It has been only a few weeks since Lisa LaFlamme, CTV National News’ former chief anchor and senior editor, shared on Twitter that Bell Media terminated her contract after over 30 years with the company. Her termination has since made international news due to allegations of age and gender discrimination. The company’s Vice President has announced a leave of absence and other employees have publicly raised concerns about a toxic work environment.
Age discrimination is likely to become a more common allegation against employers given the general demographics of our workforce. The proportion of working-age people in Canada who are between the ages of 55 and 64 is at an all-time high of 21.8%.
What is Age Discrimination?
Under the Ontario Human Rights Code, all employees over the age of 18 are protected from age discrimination in employment, with a few limited exceptions for those over age 65. This means employees under 18 are not protected by human rights age discrimination laws. Age discrimination occurs when an employee experiences differential treatment by their employer that imposes a burden on or withholds a benefit from them, and where age is a factor in that differential treatment.
If an employee can demonstrate age discrimination has occurred by meeting this test, then the burden shifts to the employer to demonstrate that its actions were reasonable and bona fide in the circumstances. In making its case, the employer must demonstrate they have accommodated the employee to the point of undue hardship.
An employee is likely to have a claim even if their termination/forced retirement is only tainted by discrimination. In other words, it need not be expressly the reason, making this a very nuanced area of human rights law.
Terminating employees who are close to retirement age can come with a significant price tag for a few reasons. First, when an employee has a long tenure with the employer and holds a senior position with a high salary, a Court may view the termination as a forced retirement, increasing the reasonable notice period to their likely date of retirement.
Second, one of the key factors a Court considers to determine reasonable notice at common law is age, recognizing that finding re-employment at age 60 can be much more difficult than at age 30. A higher age favours a longer notice period.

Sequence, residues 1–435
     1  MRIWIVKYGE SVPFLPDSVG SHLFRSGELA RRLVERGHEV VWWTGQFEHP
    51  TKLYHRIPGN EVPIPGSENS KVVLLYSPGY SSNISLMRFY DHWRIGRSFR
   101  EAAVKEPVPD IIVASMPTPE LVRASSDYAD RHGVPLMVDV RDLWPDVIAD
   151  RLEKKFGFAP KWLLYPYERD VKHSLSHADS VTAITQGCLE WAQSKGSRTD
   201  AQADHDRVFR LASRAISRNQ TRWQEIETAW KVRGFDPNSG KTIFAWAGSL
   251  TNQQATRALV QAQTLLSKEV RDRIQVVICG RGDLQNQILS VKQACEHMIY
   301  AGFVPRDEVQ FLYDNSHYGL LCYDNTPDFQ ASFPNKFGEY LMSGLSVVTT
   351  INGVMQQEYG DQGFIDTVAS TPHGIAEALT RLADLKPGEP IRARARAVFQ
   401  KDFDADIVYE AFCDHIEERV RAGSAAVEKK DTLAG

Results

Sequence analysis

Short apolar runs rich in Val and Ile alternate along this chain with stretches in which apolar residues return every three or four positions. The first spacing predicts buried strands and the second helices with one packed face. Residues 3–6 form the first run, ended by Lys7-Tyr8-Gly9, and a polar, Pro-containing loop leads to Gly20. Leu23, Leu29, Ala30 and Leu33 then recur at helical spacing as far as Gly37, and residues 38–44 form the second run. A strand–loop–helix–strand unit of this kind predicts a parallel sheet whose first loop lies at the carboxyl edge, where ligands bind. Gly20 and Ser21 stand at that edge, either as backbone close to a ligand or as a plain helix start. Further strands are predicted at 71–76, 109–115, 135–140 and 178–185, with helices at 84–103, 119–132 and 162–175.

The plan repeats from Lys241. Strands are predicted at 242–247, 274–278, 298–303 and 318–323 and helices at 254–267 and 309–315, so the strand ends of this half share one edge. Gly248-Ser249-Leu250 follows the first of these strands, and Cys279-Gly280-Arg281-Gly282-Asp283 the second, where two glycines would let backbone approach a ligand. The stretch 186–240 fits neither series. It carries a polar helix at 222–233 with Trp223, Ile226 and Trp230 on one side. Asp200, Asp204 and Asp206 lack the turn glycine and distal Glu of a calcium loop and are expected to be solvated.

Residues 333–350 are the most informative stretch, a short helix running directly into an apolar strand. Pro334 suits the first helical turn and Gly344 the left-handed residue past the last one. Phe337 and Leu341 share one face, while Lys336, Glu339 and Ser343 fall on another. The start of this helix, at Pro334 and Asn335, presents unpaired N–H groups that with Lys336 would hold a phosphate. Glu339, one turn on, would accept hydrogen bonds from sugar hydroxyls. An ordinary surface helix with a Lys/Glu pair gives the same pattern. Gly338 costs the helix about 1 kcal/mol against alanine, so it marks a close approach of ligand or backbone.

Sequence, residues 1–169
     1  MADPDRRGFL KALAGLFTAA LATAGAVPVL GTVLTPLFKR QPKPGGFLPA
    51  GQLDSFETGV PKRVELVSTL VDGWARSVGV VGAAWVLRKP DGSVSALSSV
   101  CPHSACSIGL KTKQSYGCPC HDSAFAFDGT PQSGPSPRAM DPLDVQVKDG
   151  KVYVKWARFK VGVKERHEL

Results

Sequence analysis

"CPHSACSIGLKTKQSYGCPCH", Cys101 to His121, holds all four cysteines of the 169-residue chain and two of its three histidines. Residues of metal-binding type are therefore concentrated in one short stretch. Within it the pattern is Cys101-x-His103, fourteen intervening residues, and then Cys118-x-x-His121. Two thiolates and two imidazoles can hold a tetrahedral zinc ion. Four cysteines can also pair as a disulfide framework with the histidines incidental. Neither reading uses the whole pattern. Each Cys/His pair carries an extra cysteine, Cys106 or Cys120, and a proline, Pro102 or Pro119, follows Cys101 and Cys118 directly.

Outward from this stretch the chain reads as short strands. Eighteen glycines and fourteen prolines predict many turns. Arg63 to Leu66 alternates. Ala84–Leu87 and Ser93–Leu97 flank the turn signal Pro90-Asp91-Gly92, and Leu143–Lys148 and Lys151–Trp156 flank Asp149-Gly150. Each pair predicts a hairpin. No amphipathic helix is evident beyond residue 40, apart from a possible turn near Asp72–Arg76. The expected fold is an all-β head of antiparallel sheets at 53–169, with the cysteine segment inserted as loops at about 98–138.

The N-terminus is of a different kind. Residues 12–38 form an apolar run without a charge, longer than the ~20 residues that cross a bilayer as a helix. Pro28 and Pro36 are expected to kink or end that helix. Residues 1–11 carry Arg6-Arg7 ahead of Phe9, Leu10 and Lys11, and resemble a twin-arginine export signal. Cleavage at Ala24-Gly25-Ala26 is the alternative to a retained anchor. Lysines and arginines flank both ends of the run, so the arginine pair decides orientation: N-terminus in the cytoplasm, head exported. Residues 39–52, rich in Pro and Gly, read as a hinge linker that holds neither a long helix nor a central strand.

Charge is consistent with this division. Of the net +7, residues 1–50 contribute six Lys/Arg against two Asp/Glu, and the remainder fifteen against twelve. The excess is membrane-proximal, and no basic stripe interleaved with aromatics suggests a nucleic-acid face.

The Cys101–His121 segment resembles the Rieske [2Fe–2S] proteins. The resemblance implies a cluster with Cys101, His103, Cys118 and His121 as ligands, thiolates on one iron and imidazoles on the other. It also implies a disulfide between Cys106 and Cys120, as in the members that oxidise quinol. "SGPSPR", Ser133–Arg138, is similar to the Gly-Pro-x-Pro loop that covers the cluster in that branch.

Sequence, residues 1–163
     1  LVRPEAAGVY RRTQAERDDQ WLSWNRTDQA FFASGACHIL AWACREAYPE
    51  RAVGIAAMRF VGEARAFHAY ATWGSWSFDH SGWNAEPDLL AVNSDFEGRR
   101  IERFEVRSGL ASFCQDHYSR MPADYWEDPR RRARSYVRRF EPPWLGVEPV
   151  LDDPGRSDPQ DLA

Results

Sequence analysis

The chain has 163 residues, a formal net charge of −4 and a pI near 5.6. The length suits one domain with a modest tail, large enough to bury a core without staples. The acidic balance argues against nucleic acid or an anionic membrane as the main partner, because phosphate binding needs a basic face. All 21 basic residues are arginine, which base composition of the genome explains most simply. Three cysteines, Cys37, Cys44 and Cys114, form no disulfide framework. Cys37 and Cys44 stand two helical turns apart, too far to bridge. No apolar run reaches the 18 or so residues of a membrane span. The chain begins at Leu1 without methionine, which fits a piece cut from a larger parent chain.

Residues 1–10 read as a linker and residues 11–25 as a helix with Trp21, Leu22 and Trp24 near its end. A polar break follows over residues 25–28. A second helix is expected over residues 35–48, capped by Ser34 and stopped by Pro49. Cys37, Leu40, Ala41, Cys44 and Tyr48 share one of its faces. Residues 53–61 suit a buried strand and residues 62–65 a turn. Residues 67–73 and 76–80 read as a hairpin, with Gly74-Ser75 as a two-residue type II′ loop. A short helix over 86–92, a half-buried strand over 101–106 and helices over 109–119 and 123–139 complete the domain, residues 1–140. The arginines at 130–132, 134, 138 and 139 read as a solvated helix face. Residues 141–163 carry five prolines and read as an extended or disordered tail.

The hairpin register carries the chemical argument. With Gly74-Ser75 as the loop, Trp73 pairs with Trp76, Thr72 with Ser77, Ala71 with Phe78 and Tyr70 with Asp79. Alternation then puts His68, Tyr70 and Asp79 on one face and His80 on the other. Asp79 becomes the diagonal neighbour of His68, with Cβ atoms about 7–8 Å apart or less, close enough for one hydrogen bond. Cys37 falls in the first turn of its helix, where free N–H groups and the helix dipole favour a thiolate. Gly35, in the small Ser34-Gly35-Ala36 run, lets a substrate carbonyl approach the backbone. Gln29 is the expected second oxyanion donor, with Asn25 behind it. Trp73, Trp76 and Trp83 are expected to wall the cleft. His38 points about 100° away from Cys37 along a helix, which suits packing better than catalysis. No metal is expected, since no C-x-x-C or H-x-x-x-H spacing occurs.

Finally, if an employee successfully claims age was a factor in their termination, the employer will also be on the hook for damages, which can be significant, not to mention the potential for disruption in the workplace and bad public relations.
Graceful exits for employees close to retirement are possible.
Mandatory retirement policies are no longer legal in Canada, with very limited exceptions where an employer can demonstrate age is a bona fide requirement of a job (which has been found to be the case for police officers or firefighters).
While mandatory retirement policies are no longer legal, employers may offer retirement incentives and even early retirement incentives, as long as it is truly voluntary for employees. In the absence of a policy, an employer who wishes to terminate an employee may offer the option of early retirement first (as long as the decision to terminate is not discriminatory), though this will need to be executed carefully.
At the end of the day, our legal system recognizes that the end of a career is a significant milestone for an individual and seeks to protect an employee’s dignity in the choice to retire. Employers must proceed with extra caution in making termination decisions for employees nearing retirement age.
If you require legal counsel about retirement incentives, human rights obligations or terminations, get in touch.